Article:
The European Court of Justice ruled that employers can stop their employees from wearing “any political, philosophical or religious sign” such as headscarves, so long as they cite a workplace dress code that is not explicitly discriminatory.
Employers can stop their employees from wearing “any political, philosophical or religious sign” such as headscarves, crosses or yarmulkes, so long as they can cite a rule in their workplace’s dress code that is not explicitly discriminatory, Europe’s top court has ruled.
“An internal rule of an undertaking which prohibits the visible wearing of any political, philosophical or religious sign does not constitute direct discrimination,” the European Court of Justice said in a statement.
The European Court of Justice considered two cases of employees being fired after wearing headscarves at work before issuing its joint ruling on the presence of religious or political symbols at work, according to the Guardian .
One of the cases that appeared before the court stemmed from receptionist Samira Achbita’s dispute over being fired for wearing a headscarf to work in June 2006, according to the BBC. Achbita, who worked for the Belgian company G4S, alleged she had decided to start wearing her headscarf after working there for three years and was fired for violating a company rule. The other case involved design engineer Asma Bougnaoui, who was fired from her IT job when a customer said his staff was “embarrassed” by her headscarf, the Guardian reported.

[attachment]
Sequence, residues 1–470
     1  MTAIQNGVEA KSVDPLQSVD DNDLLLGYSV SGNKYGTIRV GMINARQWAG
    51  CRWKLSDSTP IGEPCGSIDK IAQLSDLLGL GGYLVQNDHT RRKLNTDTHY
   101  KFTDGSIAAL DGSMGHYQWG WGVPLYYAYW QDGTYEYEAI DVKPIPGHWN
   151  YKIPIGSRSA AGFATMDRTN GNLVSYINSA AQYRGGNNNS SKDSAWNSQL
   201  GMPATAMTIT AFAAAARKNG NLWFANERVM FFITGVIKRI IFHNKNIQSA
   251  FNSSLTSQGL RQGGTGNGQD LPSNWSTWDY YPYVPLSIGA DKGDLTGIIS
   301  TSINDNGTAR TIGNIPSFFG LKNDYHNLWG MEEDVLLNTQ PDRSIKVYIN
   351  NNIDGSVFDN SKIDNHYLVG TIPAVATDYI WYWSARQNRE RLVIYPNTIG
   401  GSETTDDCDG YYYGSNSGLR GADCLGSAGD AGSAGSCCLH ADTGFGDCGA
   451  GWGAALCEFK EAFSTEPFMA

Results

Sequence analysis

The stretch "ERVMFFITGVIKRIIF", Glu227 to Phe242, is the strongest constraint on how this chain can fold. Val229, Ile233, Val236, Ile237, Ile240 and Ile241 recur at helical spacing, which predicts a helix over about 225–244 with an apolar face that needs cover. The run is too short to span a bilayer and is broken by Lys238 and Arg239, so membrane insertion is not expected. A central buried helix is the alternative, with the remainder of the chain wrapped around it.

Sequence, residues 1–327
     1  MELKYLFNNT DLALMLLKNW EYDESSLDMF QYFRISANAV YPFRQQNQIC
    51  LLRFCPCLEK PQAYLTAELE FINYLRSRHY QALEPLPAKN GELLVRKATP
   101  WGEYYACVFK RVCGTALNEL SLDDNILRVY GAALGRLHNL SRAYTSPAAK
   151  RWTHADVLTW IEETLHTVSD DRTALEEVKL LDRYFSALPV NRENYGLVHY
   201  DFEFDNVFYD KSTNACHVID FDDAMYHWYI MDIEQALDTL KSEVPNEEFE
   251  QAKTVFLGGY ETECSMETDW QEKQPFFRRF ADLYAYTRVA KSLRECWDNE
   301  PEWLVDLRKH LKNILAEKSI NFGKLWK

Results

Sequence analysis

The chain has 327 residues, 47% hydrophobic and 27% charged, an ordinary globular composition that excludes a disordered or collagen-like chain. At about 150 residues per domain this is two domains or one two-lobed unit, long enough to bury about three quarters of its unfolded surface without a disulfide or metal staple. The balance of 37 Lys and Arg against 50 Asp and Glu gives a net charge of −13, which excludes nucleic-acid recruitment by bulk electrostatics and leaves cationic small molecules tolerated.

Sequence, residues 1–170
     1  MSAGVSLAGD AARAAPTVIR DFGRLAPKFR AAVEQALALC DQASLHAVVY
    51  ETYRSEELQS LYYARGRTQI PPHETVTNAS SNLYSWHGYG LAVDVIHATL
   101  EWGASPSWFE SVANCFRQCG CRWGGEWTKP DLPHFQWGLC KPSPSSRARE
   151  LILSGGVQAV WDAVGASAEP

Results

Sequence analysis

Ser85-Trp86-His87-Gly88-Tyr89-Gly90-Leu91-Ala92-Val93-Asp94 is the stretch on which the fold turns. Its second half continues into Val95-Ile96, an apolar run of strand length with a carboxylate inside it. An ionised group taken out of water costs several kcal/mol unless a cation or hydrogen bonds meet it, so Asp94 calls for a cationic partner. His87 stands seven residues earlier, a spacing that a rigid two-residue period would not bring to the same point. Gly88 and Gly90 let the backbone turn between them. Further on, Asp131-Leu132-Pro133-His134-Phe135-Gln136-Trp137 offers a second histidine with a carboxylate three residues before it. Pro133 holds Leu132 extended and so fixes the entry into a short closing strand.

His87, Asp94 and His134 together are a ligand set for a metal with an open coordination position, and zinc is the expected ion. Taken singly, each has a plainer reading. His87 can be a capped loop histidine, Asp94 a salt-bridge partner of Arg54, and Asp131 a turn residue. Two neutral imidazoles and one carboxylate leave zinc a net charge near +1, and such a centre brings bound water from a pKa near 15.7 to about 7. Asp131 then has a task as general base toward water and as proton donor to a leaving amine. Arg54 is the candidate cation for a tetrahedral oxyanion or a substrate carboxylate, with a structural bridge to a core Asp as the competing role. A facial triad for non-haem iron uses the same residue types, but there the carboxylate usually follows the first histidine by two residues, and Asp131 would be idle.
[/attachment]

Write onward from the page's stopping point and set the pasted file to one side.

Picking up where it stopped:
The court ruled against Achbita, saying that because the company was not discriminating because its regulations prohibited all visible signs of any political, philosophical or religious beliefs “without distinction,” according to the Guardian.
Bougnaoui’s case, however, involved a customer — and the court said that a customer’s request was not enough to ask an employee to leave their religious garment or sign at home, the Guardian reported. Her employer’s desire to accommodate a customer who did not want someone with a headscarf “cannot be considered an occupational requirement that could rule out discrimination,” the court wrote, in sending the case back to the Belgian court.